The Old Hen and the Cock

From ImmortalPoetry
Jump to navigationJump to search

Fable XX

Restrain your child; you'll soon believe
The text which says, we sprung from Eve.
   As an old hen led forth her train,
And seemed to peck to shew the grain;
She raked the chaff, she scratched the ground,
And gleaned the spacious yard around.
A giddy chick, to try her wings,
On the well's narrow margin springs,
And prone she drops. The mother's breast
All day with sorrow was possess'd.

   A cock she met; her son she knew;
And in her heart affection grew.
   'My son,' says she, 'I grant your years
Have reached beyond a mother's cares;
I see you vig'rous, strong, and bold;
I hear with joy your triumphs told.
Tis not from cocks thy fate I dread;
But let thy ever-wary tread
Avoid yon well; that fatal place
Is sure perdition to our race.

Print this my counsel on thy breast;
To the just gods I leave the rest.'
   He thanked her care; yet day by day
His bosom burned to disobey;
And every time the well he saw,
Scorned in his heart the foolish law:
Near and more near each day he drew,
And longed to try the dangerous view.
   'Why was this idle charge?' he cries;
'Let courage female fears despise.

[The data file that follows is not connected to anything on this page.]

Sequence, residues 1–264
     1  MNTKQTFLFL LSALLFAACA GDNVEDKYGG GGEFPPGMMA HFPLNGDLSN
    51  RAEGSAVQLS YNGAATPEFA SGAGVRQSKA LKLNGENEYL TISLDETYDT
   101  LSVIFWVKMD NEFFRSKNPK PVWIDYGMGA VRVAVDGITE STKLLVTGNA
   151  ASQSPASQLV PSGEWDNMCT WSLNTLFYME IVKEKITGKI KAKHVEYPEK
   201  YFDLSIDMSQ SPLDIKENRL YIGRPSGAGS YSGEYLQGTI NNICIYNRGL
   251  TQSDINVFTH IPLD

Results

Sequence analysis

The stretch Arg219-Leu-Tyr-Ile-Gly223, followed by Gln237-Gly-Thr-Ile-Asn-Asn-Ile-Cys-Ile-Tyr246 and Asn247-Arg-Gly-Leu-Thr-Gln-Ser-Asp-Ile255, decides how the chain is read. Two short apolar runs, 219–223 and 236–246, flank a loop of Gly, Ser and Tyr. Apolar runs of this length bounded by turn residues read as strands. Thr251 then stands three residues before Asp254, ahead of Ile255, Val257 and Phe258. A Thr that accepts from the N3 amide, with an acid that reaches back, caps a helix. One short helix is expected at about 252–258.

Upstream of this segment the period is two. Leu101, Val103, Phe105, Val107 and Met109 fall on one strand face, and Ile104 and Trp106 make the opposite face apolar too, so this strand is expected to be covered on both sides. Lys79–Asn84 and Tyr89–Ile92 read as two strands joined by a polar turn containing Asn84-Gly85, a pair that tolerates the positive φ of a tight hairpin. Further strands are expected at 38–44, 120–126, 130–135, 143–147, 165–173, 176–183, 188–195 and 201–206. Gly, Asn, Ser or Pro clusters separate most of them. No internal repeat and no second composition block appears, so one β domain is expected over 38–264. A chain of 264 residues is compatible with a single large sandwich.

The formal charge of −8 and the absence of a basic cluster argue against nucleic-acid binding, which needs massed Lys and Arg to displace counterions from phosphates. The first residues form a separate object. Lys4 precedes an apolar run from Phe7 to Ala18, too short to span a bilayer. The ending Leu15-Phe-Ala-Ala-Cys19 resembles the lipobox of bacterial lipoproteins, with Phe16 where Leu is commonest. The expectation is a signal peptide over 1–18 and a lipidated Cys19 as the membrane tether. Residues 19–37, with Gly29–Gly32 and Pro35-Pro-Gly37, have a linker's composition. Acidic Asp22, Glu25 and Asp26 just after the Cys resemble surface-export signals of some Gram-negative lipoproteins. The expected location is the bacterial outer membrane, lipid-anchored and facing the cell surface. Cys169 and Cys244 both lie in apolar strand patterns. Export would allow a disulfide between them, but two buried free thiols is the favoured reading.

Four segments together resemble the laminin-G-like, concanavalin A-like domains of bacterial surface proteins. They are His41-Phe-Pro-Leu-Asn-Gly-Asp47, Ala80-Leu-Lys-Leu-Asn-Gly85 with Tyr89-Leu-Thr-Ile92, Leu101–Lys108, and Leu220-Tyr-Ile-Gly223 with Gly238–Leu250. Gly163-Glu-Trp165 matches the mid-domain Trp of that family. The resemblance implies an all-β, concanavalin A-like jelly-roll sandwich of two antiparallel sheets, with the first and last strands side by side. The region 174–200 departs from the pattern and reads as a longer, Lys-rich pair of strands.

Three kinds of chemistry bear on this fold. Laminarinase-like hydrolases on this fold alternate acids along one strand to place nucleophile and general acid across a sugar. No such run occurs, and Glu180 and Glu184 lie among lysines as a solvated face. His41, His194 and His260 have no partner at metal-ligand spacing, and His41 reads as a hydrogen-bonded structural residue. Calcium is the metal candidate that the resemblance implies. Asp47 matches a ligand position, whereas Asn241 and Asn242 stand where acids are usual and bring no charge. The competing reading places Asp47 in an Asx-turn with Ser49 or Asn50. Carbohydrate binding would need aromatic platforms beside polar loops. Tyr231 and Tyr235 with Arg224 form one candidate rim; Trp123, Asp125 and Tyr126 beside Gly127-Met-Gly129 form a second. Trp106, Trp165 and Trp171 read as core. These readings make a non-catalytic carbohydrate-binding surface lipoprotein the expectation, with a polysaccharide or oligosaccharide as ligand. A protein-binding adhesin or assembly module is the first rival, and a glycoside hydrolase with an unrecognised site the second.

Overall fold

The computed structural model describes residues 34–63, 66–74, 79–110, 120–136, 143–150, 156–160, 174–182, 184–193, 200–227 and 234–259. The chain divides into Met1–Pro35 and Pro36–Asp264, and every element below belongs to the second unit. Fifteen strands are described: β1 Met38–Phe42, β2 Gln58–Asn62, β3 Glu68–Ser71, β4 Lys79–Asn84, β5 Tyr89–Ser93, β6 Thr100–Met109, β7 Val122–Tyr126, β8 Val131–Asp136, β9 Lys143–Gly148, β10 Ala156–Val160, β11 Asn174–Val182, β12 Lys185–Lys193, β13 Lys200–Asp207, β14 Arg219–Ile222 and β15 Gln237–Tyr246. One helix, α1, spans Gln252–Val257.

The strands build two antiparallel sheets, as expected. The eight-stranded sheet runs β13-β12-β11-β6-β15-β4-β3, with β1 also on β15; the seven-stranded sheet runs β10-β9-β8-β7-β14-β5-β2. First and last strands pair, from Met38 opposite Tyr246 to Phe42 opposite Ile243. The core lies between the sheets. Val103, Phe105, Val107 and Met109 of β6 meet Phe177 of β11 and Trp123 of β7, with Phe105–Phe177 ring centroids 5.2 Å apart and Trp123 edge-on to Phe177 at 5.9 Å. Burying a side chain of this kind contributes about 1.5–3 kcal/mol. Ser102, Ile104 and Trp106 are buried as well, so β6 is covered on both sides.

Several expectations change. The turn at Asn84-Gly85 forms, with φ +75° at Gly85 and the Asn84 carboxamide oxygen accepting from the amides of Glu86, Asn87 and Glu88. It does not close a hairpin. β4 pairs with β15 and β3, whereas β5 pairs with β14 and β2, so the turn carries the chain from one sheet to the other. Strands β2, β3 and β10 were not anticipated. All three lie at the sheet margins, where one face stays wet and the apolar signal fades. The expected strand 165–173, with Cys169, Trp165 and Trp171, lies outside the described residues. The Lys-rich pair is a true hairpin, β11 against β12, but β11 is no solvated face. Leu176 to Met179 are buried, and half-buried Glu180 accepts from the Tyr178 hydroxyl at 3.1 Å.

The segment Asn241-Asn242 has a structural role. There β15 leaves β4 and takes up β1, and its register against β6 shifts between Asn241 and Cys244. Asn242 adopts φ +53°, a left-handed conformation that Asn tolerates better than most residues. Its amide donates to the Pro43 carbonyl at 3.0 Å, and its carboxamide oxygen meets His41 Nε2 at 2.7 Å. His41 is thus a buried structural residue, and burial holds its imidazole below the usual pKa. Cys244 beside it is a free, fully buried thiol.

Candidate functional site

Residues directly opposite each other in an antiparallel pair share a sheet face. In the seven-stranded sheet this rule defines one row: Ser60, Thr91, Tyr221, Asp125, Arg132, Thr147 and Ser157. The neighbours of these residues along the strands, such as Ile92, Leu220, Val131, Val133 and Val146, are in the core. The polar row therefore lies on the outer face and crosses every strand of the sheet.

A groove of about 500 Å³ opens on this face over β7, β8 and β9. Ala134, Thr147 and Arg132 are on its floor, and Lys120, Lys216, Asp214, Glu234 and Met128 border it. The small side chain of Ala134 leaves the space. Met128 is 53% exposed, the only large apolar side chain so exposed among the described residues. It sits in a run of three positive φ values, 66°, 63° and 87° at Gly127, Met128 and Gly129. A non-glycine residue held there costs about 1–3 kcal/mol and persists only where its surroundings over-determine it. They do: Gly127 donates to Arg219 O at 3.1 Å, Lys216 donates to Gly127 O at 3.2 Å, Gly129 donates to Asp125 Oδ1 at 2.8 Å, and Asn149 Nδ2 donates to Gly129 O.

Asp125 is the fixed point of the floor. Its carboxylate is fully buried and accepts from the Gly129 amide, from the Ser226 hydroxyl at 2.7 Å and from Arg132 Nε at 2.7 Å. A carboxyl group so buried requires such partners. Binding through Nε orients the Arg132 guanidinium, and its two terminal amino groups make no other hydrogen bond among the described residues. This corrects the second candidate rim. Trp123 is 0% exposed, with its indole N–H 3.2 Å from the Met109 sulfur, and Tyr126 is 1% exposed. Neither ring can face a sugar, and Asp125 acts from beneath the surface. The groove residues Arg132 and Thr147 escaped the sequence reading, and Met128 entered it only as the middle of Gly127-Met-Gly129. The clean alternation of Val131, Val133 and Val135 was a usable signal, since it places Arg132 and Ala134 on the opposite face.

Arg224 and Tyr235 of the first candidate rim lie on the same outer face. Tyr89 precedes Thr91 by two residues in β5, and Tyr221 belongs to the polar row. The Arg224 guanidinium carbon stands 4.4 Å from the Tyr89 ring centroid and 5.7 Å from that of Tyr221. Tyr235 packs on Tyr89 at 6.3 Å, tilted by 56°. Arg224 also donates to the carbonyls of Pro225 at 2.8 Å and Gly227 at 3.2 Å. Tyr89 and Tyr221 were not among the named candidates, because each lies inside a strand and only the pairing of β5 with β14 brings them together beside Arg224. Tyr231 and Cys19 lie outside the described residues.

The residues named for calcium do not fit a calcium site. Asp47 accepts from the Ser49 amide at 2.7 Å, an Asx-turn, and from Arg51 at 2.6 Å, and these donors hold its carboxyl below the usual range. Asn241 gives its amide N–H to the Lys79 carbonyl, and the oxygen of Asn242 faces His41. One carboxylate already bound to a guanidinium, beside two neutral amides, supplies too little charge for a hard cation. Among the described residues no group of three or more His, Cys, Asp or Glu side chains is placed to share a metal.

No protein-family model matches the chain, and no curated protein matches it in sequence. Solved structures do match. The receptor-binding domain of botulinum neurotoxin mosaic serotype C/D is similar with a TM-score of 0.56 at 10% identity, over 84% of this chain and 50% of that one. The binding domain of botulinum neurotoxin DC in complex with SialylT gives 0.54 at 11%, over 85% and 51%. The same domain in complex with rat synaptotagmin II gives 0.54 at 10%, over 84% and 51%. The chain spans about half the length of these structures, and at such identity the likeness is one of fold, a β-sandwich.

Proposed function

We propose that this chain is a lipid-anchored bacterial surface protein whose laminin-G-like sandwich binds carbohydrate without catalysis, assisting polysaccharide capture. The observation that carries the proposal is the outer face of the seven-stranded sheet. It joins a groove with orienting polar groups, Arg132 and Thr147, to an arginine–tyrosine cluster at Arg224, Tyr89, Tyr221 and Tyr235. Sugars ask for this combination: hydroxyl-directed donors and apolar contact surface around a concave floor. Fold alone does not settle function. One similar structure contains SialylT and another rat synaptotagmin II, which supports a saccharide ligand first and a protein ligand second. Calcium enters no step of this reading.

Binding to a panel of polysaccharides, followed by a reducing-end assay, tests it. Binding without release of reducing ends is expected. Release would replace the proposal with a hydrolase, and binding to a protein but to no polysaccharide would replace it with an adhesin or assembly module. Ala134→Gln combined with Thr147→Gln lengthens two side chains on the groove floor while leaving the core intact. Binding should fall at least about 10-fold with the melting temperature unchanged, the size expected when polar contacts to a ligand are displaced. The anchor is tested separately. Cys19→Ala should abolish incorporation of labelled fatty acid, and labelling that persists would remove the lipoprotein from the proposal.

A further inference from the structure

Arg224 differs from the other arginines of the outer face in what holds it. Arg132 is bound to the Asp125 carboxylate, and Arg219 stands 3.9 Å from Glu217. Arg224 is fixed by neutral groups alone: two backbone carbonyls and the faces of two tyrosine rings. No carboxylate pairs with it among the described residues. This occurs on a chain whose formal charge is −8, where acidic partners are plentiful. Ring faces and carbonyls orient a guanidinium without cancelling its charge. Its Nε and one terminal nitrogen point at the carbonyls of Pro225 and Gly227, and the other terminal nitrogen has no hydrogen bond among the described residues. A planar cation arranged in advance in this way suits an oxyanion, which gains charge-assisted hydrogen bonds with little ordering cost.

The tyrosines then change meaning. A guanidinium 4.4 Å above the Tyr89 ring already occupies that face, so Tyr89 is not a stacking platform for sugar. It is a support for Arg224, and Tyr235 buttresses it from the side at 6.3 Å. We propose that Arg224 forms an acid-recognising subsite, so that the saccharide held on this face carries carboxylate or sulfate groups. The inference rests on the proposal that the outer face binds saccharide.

Or did she doubt my heart was brave,
And therefore this injunction gave?
Or does her harvest store the place,
A treasure for her younger race?
And would she thus my search prevent?
I stand resolved, and dare the event.'
   Thus said. He mounts the margin's round,
And pries into the depth profound.
He stretched his neck; and from below
With stretching neck advanced a foe:

With wrath his ruffled plumes he rears,
The foe with ruffled plumes appears:
Threat answered threat, his fury grew,
Headlong to meet the war he flew,
But when the watery death he found,
He thus lamented as he drowned:
   'I ne'er had been in this condition,
But for my mother's prohibition.'

Add your comment
ImmortalPoetry welcomes all comments. If you do not want to be anonymous, register or log in. It is free.